Wednesday, October 6, 2010
"Because of 3 little words: Head Injury"--NotBobMcNair
"Because we still have too many jobs in this country"--Snagwells
(and...my personal favorite)
"Because I want to flaunt my vajazzled nether region at the office, then sue you for looking."--JennQPublic
Since 99.9 per cent of all the energy on the planet is sun light, does this strike anyone as way off?
New research will renew debate over the science behind climate change.
More Weight Equals Longer Hospital Stays
Sociologists Weigh In On Obesity Increasing The Length Of Hospital Stays
January 1, 2009 — Sociologists found a direct relationship between obesity and duration and frequency of hospital stays. Researchers found that, on average, obese persons stayed one and a half days longer than those with normal weight. Sociologists attribute the connection to disease--46 percent of obese adults have high blood pressure. Obesity is also linked to an increased risk of heart disease, diabetes, stroke and other illnesses. The researchers also note that the longer a person has been obese, the more likely their hospital stay is lengthened.
"Obese people, on average, stay at least one to one and a half days longer than a normal-weight individual," said Ken Ferraro, Ph.D., a sociologist at Purdue University in West Lafayette, Ind.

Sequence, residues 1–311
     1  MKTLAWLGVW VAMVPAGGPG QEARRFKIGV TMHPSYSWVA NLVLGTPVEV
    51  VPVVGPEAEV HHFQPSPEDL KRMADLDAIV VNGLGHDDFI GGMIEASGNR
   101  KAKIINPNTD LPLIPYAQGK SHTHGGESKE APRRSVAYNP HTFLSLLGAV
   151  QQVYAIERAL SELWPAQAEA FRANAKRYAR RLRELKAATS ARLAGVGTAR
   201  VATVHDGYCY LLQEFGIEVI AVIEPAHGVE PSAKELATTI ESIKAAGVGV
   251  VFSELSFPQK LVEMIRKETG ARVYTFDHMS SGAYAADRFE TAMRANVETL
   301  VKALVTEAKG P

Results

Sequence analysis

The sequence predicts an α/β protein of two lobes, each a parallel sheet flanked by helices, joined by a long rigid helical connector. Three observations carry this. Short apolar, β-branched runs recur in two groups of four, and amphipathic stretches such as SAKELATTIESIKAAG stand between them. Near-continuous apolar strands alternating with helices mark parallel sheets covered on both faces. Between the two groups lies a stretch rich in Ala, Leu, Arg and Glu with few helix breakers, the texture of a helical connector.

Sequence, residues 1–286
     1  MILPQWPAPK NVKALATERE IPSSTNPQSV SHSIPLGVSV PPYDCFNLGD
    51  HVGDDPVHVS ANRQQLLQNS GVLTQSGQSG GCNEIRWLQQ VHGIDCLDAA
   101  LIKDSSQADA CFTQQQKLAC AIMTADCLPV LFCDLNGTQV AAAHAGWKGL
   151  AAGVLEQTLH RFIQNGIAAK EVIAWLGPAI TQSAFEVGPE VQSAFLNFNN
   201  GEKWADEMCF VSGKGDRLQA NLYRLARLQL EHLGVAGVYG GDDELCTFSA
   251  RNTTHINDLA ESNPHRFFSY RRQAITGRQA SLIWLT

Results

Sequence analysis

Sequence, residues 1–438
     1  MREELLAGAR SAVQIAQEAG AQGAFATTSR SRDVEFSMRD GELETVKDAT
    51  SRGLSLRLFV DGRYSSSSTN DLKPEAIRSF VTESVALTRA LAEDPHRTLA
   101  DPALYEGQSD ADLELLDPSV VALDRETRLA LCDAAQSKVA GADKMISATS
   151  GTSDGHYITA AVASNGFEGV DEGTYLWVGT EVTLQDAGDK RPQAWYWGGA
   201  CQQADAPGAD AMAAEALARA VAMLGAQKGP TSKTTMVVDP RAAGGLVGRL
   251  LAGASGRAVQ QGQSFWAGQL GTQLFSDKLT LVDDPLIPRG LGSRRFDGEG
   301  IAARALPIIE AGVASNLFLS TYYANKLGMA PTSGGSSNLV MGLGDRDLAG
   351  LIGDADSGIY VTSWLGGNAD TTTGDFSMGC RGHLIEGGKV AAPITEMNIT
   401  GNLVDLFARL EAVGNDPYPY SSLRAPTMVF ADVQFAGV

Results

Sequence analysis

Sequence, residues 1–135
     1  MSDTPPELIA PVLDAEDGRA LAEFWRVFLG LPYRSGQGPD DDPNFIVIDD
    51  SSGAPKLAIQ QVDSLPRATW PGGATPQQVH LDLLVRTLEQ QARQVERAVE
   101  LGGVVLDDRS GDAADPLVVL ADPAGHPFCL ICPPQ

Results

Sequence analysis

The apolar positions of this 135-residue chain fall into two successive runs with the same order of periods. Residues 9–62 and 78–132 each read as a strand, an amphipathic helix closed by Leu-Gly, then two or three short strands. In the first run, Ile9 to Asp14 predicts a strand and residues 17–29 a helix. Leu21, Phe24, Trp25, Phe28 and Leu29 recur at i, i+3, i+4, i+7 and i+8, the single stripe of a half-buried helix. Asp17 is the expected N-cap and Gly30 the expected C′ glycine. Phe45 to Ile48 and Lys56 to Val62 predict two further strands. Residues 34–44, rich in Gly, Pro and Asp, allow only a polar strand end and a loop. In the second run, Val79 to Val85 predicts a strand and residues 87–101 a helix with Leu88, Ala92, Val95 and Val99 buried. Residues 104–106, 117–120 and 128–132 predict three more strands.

October 6, 2010: One of the many tragedies of the war in Iraq was the expulsion of the native Christian population. Before 2003, there were 1.5 million Christians in Iraq. Now there are fewer than 800,000. Many were expelled by Islamic fanatics because they were not Moslem, but there was also Iraqi Moslem hatred of Christians because they were supporters of Saddam. Religious and ethnic minorities are often recruited by tyrants, or foreign invaders, to prop up a dictatorship or colonial rule. When the British took over Iraq, from the Moslem Turks, in the 1920s, they trusted the local Christians (and other religious minorities) more than the majority Moslems, for security chores, and government jobs in general. The Turks did the same thing, but to a lesser extent, because the local Christians were also Arabs, and all Arabs resented centuries of rule by the alien Turks.